Verheyden, G., Ashburn, A., Lawrence, J., Shepard, N. and Taylor, D.
Recovery of head and trunk coordination after stroke
At International Society for Posture and Gait Research Conference.
14 - 18 Jul 2007.
Full text not available from this repository.
Introduction: Studies in healthy individuals have described a
clear sequence of head and trunk coordination during horizontal
gaze transfers that require whole body movements. For
patients after stroke, there is evidence to suggest that sensorimotor
integration of postural adjustments and voluntarily head
movements may have been modified. The aim of our study was
to examine head and trunk coordination, in particular movement
initiation in people early after stroke.
Methods: We evaluated 6 people with stroke and 6 healthy controls.
Subjects with stroke were assessed clinically and in a laboratory
setting at three, six and 12 weeks after stroke. Control
subjects were also examined at three consecutive time points with
the same weekly interval as the stroke group. Participants were
asked verbally to rotate their head to the side of preference and
look at a visual signal placed at 90° left and right from centre.
Markers were attached at standardised positions of the body and
3-D motion recordings were made using CODAmotion. Data
analysis consisted of examining the sequence of head and trunk
rotation in both groups separately using Wilcoxon signed rank
test. Differences in degree of head rotation, shoulder rotation
and delay in rotation were analysed between groups and over
time by means ofWilcoxon ranked sum test and Friedman analysis
Results: The pattern of movement demonstrated by the healthy
controls (2 females, 4 males, median (IQR) age 64 (62-70) years)
at all three time points showed rotation of the head before rotation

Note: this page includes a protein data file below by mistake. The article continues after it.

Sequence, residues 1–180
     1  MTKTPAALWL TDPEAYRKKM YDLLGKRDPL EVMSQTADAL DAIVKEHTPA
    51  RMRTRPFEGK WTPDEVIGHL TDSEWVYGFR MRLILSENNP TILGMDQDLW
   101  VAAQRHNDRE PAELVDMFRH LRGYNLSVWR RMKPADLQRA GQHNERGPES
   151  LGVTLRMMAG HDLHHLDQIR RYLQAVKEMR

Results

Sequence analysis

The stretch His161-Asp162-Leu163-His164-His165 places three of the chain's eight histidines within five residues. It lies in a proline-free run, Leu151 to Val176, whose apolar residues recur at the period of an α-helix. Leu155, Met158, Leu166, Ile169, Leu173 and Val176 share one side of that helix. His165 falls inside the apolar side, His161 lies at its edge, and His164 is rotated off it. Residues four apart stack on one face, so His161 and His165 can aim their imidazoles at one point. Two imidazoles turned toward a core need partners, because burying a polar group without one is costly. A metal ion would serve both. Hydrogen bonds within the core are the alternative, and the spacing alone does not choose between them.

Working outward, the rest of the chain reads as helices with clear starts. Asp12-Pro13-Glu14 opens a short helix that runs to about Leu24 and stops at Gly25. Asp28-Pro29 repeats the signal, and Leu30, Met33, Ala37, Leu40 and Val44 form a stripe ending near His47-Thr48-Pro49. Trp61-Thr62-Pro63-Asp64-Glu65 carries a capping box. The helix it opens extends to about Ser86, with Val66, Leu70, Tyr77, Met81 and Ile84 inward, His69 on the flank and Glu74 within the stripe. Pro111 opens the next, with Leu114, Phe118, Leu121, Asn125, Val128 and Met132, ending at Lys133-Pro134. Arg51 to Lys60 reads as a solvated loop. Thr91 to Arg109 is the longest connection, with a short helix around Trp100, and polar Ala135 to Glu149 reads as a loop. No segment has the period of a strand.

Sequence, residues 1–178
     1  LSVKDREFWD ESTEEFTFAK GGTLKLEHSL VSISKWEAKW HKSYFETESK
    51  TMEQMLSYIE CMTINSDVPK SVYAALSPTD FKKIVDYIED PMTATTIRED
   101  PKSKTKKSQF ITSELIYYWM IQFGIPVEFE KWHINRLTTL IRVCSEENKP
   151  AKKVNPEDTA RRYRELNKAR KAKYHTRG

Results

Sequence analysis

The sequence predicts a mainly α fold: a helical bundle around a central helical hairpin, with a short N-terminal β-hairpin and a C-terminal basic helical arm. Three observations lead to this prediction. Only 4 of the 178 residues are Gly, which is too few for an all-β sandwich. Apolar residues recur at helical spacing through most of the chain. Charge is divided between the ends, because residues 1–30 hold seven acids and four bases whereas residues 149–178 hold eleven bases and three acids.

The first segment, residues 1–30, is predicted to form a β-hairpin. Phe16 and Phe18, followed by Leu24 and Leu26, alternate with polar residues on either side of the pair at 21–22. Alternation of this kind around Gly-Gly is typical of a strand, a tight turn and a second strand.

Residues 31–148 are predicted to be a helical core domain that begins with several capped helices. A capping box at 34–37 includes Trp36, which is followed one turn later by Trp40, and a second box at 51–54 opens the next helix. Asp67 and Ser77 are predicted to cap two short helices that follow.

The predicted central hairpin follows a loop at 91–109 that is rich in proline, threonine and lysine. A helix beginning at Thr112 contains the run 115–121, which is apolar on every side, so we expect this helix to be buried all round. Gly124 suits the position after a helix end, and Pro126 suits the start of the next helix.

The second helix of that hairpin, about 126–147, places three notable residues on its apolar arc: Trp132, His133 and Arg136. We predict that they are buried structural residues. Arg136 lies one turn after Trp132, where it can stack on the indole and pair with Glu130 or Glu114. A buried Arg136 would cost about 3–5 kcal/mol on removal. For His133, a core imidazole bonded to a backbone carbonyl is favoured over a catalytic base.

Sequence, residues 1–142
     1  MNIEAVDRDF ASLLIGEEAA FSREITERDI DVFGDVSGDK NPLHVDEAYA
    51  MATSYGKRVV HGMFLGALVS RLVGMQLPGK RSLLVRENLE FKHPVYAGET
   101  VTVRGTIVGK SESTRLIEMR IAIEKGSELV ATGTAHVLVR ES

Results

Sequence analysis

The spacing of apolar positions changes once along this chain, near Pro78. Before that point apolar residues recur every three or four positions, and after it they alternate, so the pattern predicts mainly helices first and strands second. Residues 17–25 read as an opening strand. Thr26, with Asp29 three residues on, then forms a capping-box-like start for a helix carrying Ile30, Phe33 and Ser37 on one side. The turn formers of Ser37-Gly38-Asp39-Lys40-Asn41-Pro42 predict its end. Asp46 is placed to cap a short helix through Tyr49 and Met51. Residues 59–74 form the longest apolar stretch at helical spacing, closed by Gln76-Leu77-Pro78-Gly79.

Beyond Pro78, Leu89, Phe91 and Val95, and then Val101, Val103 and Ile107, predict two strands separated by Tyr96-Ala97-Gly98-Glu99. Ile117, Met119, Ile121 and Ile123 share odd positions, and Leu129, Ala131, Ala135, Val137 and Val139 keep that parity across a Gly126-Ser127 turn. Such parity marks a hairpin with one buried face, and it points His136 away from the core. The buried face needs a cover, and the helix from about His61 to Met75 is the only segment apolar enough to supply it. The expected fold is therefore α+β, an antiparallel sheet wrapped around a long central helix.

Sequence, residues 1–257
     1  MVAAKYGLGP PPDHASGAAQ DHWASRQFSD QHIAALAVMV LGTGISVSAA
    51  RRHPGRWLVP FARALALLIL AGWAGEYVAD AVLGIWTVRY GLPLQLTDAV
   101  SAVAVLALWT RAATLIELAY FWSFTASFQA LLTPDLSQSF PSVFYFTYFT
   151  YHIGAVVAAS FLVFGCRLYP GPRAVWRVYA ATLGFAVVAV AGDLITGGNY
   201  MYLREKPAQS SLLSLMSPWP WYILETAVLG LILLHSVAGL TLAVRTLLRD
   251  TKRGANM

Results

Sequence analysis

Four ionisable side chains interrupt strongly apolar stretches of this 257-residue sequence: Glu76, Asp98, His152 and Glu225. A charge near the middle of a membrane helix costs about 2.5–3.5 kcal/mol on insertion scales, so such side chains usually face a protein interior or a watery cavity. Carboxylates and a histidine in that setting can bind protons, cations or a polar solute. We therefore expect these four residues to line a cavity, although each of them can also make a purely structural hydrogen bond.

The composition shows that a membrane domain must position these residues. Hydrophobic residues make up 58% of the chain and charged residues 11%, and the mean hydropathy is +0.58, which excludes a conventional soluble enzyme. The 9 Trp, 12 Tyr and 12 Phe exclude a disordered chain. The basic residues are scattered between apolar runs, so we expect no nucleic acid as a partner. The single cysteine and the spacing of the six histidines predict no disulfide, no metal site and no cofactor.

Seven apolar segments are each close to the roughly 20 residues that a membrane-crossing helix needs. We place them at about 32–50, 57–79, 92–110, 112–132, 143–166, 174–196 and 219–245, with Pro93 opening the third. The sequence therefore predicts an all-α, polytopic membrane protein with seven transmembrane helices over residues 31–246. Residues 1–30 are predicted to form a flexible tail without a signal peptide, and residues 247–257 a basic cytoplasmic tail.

of the shoulders (p=0.028). In comparison, the mildly
impaired stroke group (1 female, 5 males; median (IQR) age 70
(65-79) years) showed no significant difference between rotation
of the head and shoulder at three weeks after stroke (p=0.075).
This pattern changed over time, reflecting the sequence demonstrated
by the healthy controls, with a significant start of rotating
the head before the shoulders both at six weeks (p=0.046) and
at 12 weeks (p=0.028) after stroke.When comparing both groups
at the three time points, there was no significant difference in
degree of head rotation, shoulder rotation or in delay in rotation.
However the stroke group had a relatively smaller variability in
degree of head rotation and a larger variability in degree of shoulder
rotation in comparison to the healthy controls. The results
of the Friedman test with post-hoc analysis showed a significant
decrease in degree of head rotation for stroke patients between
three and 12 weeks after stroke (p=0.028).
Conclusions: We believe this is the first study to evaluate recovery
of the sequence of head and trunk coordination during the
acute stages following stroke. Our results suggest that people with
stroke show a modified coordination pattern early after stroke
but recover over time towards the level of healthy subjects. Future
research should include more impaired stroke patients as well as
evaluate the relation with clinical measures and thus importance
in everyday activities.
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